Storms ahead for Hungarian EU presidency


23.12.2010 @ 09:57 CET

Hungary is approaching its forthcoming presidency of the EU in the middle of internal turmoil caused by its new media law, which is seen by many as a danger to press freedom.

Budapest will take over the steering wheel of the European Union on 1 January, but it is not just recent events that raise doubts about Prime Minister Viktor Orban's government. As well as the country's economic decline, the governing Fidesz party has used its two-thirds majority to revamp political structures in a way that could damage the government's international standing.

Hungarian PM Viktor Orban meets EC president Jose Manuel Barroso. (Photo: EC)

At the most recent EU summit, the audience was able to watch an unusual but symbolic episode; just before the start of the final press conference by Mr Orban, a member of his delegation removed the EU flag from the background, leaving only the Hungarian one in view.

But there are more practical difficulties to worry about. In terms of personnel policies, Hungarians could fare even worse even than Czechs, whose government collapsed mid-way through their EU presidency in 2009. According to Richard Whitman of the London-based research institute Chatham House, Prague at least retained its team of public servants and diplomats who perform most of the work during the six-month tenure.

This is not the case with the Orban government. Budapest has made important staff changes just months before the presidency, including key positions such as EU ambassador and leading posts in the economic and financial team. The delegate to the Political and Security Committee, the EU's common foreign and security policy body, was exchanged in September.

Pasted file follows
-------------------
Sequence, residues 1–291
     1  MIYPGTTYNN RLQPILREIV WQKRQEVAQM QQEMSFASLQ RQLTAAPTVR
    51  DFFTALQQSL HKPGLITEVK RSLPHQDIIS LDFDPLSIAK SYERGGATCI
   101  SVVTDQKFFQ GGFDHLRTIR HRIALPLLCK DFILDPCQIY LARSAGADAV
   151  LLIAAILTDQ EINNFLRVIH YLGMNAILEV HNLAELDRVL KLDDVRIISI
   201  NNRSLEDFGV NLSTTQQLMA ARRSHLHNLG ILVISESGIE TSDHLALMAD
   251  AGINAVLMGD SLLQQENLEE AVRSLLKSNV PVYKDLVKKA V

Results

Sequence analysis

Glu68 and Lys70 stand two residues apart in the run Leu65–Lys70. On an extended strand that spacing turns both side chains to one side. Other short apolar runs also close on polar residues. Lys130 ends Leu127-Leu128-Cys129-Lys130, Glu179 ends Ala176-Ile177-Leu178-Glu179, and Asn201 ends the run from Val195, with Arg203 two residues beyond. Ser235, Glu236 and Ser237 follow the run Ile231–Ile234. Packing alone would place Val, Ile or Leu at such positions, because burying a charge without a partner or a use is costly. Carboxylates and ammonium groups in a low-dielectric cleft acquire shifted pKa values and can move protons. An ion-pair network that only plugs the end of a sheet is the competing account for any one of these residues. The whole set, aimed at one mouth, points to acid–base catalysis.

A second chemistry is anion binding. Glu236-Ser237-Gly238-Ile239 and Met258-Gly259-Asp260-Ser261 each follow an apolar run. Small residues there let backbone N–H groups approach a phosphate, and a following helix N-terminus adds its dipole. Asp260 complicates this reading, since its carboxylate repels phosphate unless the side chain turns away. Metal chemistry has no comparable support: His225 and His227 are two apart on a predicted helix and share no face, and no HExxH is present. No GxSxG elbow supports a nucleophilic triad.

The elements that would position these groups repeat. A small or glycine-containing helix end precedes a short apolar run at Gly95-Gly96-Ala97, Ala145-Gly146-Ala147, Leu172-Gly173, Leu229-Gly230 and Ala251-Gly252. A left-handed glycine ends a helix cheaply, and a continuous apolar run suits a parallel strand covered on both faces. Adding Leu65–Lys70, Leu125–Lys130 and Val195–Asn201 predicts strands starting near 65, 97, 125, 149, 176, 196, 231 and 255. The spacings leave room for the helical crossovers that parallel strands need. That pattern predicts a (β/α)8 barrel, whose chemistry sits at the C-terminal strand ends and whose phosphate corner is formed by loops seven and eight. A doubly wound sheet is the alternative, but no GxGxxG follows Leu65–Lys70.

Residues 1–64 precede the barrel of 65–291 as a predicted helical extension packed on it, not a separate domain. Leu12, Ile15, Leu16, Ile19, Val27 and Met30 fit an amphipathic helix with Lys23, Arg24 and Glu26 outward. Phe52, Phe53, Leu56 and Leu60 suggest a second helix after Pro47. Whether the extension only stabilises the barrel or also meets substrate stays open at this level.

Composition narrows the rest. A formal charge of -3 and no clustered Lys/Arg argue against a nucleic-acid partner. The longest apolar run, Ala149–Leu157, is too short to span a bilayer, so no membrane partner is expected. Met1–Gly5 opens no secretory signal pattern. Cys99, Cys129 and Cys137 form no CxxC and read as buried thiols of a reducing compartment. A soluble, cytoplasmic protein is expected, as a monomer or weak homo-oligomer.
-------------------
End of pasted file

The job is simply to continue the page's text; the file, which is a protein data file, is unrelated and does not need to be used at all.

New legislation allowing public servants to be sacked without an explanation has heightened a feeling of insecurity, increasing the risk of self-censorship and discouraging professional initiative.

Hungarian weekly HVG reported that, according to government sources, some ministers and state secretaries destined to chair EU ministerial meetings do not speak any languages apart from their native Hungarian. This is not a promising starting point for those meant to facilitate negotiations among member states.

Relations between the Hungarian government and the European Commission are also strained. Budapest was rebuked by Brussels for skipping its deficits targets for this year and the next. The nationalisation of the country's private pension system as well as a salary drop for the director of the Hungarian National Bank, which could compromise his independence, were also frowned upon in EU circles.

The European Commission is likely to try to keep a truce since the first half year of 2011 will be a critical period for the EU's economic governance. But Mr Orban may not be so lucky in finding support from the European Parliament, which is generally more outspoken in its critical opinions than the commission.

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